But ever heard of Padidilians

Well, I once knew a whole family of them. I met Umesh Padidilian for the first time at the Pre Service Teacher Training at the Teachers’ College at Peradheniya in  Kandy.  Umesh is a handsome dude who reminded one of Ranjan Madugalle, the cricketer.

Oh what a time it was!! 

After the pre service, to the immense relief of both of us, both Umesh and I were appointed to the same area for the compulsory difficult area service. Our schools were in the city and within a few minutes’ walk from each other.
This compulsory difficult area service for all government employees is generally regarded as ‘going to hell alive’. And everyone was dreaming about coming back home as soon as possible from those God forsaken places. We were no exceptions. And today, though it may seem strange, I feel so much nostalgic about those years.

Okay, back to the Padidilians.  

The first impression you get about the Padidilians is their talkativeness. They have a way of talking themselves out of any situation. They were rich in vocabulary and knew how to use it to the best effect. I was never bored of listening to their spicy tales with that unique Padidilian accent in eloquent English or Sinhala. Even the way their mouths worked was something to gawk at.  They had the talent of narrating even the most boring story in the most appealing way possible. 

To get to Ampara, where we were appointed, you have to pass Kandy, then those famous 18 hairpin bends, Mahiyangana and Padhiyathalava. And more than normal CTB buses, there were those small minivans like Isuzu Elf Route Vans, Toyota Hiace and Nissan Caravans. 

And there were military check points on the way!

One such day, at a check point either at Mahaoya, or Padhiyathalava, I can’t remember which, they were stopped for inspection. If you aren’t familiar with the routine. First, you are stopped at the barrier with a stop sign. Then the driver switches off the engine and waits. The conductor reports to the temporary office with documents. The passengers take their bags and get off to form a line with IDs in hand to be scrutinized , patted down, questioned and then walk through the barrier under the vigilant eyes of soldiers with T56 automatic rifles. Once cleared the passengers flock on the other side waiting for the vehicle which would be searched and released before crossing the barrier.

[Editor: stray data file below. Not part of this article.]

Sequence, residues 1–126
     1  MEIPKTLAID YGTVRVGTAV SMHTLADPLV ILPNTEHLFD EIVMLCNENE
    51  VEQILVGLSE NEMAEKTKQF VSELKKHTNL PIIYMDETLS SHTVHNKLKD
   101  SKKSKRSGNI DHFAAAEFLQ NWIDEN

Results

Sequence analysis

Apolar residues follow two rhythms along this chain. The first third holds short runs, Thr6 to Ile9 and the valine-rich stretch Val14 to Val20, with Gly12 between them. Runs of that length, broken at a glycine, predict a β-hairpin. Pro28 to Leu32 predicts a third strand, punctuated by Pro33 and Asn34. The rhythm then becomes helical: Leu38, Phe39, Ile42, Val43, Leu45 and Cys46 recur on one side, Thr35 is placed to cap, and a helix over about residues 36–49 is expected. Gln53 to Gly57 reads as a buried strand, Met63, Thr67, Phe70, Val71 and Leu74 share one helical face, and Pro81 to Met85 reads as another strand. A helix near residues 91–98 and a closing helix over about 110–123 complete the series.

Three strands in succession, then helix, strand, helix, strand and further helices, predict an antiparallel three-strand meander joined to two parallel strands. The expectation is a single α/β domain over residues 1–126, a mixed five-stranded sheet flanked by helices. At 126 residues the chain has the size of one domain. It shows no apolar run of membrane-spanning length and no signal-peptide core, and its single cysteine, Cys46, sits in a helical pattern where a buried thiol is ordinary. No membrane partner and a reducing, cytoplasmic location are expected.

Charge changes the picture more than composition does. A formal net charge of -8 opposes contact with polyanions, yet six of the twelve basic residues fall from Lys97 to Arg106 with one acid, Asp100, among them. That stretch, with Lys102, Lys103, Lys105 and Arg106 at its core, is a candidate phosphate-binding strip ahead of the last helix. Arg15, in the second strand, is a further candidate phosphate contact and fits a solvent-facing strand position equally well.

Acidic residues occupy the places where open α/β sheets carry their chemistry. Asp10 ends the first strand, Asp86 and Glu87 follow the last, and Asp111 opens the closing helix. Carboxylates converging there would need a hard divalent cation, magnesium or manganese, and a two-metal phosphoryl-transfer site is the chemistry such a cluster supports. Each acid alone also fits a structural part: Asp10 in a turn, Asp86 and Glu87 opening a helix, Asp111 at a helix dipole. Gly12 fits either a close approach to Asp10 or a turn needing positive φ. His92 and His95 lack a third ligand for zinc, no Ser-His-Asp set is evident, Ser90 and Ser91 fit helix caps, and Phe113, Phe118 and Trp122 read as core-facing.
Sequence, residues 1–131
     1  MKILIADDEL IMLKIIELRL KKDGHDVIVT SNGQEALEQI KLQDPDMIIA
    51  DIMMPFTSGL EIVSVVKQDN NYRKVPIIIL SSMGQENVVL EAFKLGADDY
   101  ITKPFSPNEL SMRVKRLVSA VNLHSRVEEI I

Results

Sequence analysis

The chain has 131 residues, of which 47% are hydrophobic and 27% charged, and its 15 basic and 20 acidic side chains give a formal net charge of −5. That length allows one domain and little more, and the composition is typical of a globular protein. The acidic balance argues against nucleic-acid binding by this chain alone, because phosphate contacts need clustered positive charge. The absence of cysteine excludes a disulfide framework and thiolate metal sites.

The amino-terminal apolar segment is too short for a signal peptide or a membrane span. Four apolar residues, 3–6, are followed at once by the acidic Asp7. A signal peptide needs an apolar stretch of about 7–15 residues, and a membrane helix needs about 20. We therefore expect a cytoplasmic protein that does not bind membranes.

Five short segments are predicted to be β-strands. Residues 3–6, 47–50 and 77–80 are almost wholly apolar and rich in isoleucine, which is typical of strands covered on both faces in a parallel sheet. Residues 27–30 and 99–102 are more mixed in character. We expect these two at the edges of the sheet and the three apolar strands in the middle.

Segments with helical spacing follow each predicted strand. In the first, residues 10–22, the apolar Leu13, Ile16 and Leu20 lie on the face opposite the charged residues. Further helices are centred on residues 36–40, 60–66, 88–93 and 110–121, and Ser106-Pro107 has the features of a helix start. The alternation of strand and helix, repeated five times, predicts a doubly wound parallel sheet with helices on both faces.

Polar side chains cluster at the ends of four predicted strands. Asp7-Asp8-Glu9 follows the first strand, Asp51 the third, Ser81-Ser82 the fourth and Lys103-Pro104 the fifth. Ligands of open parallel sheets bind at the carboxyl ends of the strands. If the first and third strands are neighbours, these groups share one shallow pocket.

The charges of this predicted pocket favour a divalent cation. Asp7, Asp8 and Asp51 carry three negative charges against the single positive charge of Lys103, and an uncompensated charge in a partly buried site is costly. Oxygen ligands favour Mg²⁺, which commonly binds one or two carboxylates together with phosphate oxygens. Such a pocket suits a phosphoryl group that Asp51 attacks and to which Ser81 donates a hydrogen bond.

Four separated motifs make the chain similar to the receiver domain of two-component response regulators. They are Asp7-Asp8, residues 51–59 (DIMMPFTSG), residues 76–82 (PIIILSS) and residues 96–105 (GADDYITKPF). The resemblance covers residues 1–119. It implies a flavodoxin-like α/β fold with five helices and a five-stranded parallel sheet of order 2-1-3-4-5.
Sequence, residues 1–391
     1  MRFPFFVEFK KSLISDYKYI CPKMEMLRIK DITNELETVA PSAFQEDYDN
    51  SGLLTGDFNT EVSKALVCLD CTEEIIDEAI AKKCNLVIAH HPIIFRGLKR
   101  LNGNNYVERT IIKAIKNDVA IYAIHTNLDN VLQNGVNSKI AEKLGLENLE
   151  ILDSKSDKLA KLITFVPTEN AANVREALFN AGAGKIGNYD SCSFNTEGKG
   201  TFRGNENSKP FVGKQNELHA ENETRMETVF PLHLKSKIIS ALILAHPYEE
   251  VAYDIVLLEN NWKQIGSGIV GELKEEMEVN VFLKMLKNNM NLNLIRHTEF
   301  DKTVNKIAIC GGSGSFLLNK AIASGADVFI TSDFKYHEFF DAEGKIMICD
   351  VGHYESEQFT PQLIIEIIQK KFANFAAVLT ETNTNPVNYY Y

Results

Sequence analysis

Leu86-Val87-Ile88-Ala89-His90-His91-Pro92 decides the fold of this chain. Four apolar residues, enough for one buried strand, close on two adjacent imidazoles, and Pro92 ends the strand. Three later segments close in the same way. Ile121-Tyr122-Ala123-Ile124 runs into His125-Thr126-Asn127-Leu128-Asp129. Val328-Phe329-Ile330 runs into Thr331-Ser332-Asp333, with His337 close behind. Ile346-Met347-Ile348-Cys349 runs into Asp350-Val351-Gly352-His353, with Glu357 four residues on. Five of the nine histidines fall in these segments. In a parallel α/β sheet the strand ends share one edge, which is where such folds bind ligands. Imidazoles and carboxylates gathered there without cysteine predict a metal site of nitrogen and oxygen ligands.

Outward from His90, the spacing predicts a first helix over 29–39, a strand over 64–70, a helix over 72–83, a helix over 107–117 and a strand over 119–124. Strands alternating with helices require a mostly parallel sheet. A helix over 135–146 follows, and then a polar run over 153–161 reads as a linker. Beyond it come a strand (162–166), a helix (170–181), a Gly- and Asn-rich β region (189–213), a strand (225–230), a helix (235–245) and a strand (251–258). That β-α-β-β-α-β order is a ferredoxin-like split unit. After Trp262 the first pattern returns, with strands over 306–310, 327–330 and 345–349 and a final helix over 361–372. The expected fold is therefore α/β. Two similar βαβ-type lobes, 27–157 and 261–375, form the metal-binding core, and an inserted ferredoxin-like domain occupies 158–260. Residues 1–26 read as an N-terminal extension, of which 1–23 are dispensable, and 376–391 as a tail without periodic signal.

Once the vehicle arrives, the passengers retrieve their original seats with mixed success and wait for the others who are still going through the inspection process to arrive.

That day, there was unusual delay for the van to resume the journey. When the passengers peeked through the dusty rear window, all they saw was one passenger being grilled by the soldiers who were now gathered around. The other passengers were growing furious as the temperature and the humidity inside the jam packed small van was rising. After a lengthy delay of sweating and cursing in the sweltering heat, the detained passenger arrived red faced and furious at the uniforms. 

Then, to make the matters worse, passengers started grilling him.

“Why did it take so long, sir?”

“Oh, that was because my name was a bit unfamiliar. They were suspicious.”

“Why? Aren’t you Sinhalese?” Passengers asked with growing suspicion.

“I am Sinhala alright, dude!” This was said a bit harshly.

“Then, what’s wrong?” One dude asked.

“Ok, ok, What is your name sir?” A bit more sensible passenger asked.

“Umesh Padidilian”

Everybody gawked with jaws dropping.

“Paddy..what?” There was a murmer while everyone was trying to pronounce the unpronounceable.

“Padidilian,” Umesh said with his patience wearing thin.

“What the hell kind of a name is that sir?”

“Dude, My great great-great-grandfather was Spanish!” Umesh explained.

“What the f***** Hell, sir,” one passenger yelled, “Why the hell don’t you have a pronounceable name like the rest of us without wasting everyone’s time?”

By the time he told us this story at dinner, he was back in his normal jovial mood.

Click here for part 2 of the Series, "Veggie Remedy For The Guilty Feeling"